Calculating the variance of integrated Poisson noise on a defined quantity

In summary, the conversation discusses the estimation of the variance expression of Poisson noise on a quantity that is calculated through a sum of terms. The formula for the standard deviation of the noise includes a factor of (2l+1) which leads to discrepancies in the results. Various expressions are proposed and tested, but a definitive justification for the correct formula is not yet provided. Suggestions are made to use a symbolic algebra program to ensure reliable results.
  • #36
@Twigg . Thanks for your advices.

1) Unfortunately, I have already tested in my previous post your "third observable" like this :

##O=\dfrac{\sum_{\ell=1}^{N} \sum_{m=-\ell}^{\ell} a_{\ell m}^{2}}{\sum_{\ell=1}^{N} \sum_{m=-\ell}^{\ell}\left(a_{\ell m}^{\prime}\right)^{2}}=\dfrac{\sum_{\ell=1}^{N}(2\ell+1)\,C_{\ell,sp}}{\sum_{\ell=1}^{N}(2\ell+1)\,C_{\ell,ph}}##

But it gives a lower FoM (1443) than for the first observable :

##\begin{gathered}
O=\left(\frac{\mathcal{D}_{s p}}{\mathcal{D}_{p h}}\right) \\
\mathcal{D}_{s p}=\sum_{i=l}^{n} C_{\ell, s p}\left(\ell_{i}\right) \\
\mathcal{D}_{p h}=\sum_{i=l}^{n} C_{\ell, p h}\left(\ell_{i}\right)
\end{gathered}##

with which I get FoM = 1556.

2) Jus an important point to be more explicit :

From the beginning, I try to use Inverse-variance weighted :

Given a sequence of independent observations ##y_{i}## with variances ##\sigma_{i}^{2}##, the inversevariance weighted average is given by :
##
\hat{y}=\frac{\sum_{i} y_{i} / \sigma_{i}^{2}}{\sum_{i} 1 / \sigma_{i}^{2}}\quad(1)
##
The inverse-variance weighted average has the least variance among all weighted averages, which can be calculated as
##
\operatorname{Var}(\hat{y})=\dfrac{1}{\sum_{i} 1 / \sigma_{i}^{2}}\quad(2)
##
In our case, let us take the quantity ##\hat{y}=C_{\ell}## which is the average of ##a_{\ell m}^{2}## and so the variance of an ##a_{\ell m}## :
##
C_{\ell}=\left\langle a_{l m}^{2}\right\rangle=\dfrac{1}{2 \ell+1} \sum_{m=-\ell}^{\ell} a_{\ell m}^{2}=\operatorname{Var}\left(a_{l m}\right)\quad(3)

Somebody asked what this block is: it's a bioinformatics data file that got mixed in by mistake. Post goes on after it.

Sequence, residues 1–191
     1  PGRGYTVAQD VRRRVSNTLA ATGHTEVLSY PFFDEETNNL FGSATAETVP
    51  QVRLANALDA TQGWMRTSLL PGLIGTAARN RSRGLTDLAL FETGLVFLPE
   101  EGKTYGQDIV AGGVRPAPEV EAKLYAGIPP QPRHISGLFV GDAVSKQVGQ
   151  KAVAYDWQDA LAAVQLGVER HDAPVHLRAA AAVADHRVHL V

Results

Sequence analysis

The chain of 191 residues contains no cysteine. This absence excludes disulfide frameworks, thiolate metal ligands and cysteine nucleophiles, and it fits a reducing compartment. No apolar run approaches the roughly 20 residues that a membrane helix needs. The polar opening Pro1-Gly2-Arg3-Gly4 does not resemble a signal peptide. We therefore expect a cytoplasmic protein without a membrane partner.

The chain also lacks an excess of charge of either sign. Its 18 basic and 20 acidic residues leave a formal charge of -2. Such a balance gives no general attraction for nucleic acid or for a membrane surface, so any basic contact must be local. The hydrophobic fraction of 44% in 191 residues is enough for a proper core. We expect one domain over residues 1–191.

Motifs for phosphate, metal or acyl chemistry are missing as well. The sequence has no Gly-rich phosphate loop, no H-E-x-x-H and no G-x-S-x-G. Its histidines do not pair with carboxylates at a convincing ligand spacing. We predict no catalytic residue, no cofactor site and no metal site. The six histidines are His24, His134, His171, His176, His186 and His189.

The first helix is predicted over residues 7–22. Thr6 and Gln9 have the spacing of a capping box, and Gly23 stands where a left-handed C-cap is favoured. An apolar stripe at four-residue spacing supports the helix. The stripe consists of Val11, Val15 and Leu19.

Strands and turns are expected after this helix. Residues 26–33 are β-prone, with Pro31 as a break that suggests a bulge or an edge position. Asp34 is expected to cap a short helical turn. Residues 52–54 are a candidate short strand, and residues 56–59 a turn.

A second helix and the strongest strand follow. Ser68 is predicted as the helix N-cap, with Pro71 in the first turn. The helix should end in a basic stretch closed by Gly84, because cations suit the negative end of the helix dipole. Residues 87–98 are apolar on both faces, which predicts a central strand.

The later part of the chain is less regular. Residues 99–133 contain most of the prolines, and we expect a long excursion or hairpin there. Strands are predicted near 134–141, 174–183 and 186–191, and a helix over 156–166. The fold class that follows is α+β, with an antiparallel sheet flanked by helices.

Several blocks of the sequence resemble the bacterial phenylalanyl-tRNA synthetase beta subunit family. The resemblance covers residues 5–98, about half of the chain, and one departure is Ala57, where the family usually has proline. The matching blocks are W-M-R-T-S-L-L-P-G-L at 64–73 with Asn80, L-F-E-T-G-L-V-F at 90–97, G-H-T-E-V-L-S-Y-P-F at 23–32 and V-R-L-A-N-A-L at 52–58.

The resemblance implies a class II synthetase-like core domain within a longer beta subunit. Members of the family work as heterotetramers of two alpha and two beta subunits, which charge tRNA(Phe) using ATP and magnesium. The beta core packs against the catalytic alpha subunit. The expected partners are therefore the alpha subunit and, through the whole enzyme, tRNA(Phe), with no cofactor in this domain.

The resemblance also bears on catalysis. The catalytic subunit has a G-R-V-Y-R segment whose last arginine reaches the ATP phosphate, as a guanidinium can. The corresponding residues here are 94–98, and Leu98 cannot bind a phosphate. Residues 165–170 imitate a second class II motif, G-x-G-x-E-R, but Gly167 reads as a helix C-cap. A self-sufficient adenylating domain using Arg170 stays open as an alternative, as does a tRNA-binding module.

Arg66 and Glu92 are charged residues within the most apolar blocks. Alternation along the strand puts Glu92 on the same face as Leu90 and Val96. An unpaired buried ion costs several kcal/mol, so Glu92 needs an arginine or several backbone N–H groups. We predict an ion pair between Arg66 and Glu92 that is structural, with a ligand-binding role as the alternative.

##
If we take all ##\sigma_{i}^{2}## equal to :
##
\sigma_{i}^{2}=\frac{2}{f_{sky} N_{p}^{2}}\quad(4)
##
Then we get an optimum variance regarding the Shot Noise. Let's demonstrate it with shot noise equal to the inverse of galaxies density : ##N_{p}=N_{gal}##. For a given multipole ##\ell## given, we have :

##
\operatorname{Var}(\text { Shot Noise optimal })(\ell)=\dfrac{1}{\sum_{m=-\ell}^{\ell} \dfrac{1}{\sigma_{i}^{2}}}
=\dfrac{1}{(2 \ell+1) \dfrac{f_{s k y} N_{p}^{2}}{2}}
=\dfrac{2}{(2 \ell+1)\left(f_{s k y} N_{p}^{2}\right)}\quad(5)
##

QUESTION : the choice made in eq##(4)## has been infered from the following relation expressing the standard deviation on a ##C_\ell## :

##\sigma_{C_\ell}(\ell)=\sqrt{\dfrac{2}{(2 \ell+1) f_{\mathrm{sky}}}}\left[C_\ell(\ell)+\dfrac{1}{N_{p}}\right]\quad(6)##

1) How can I justify the fact that I decide to assimilate ##\hat{y}## to a ##C_\ell## ?.

##C_\ell## is a quantity appearing in spherical harmonics but this is already an average of ##a_{\ell m}^2## : is it pertinent from your point of view ?

Moreover, I don't make appear nowhere the formula eq##(1)##, I take it as it was right but I am not sure in my case with the average ##C_\ell##.

2) Is the derivation of formula eq##(4)## correct from eq##(6)## ?

As you can see, I need clarifications.
 
Last edited:
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  • #37
fab13 said:
@Twigg##C_\ell## is a quantity appearing in spherical harmonics but this is already an average of ##a_{\ell m}^2## : is it pertinent from your point of view ?
That is extremely pertinent. Each ##C_\ell## represents ##2\ell+1## variables.
 

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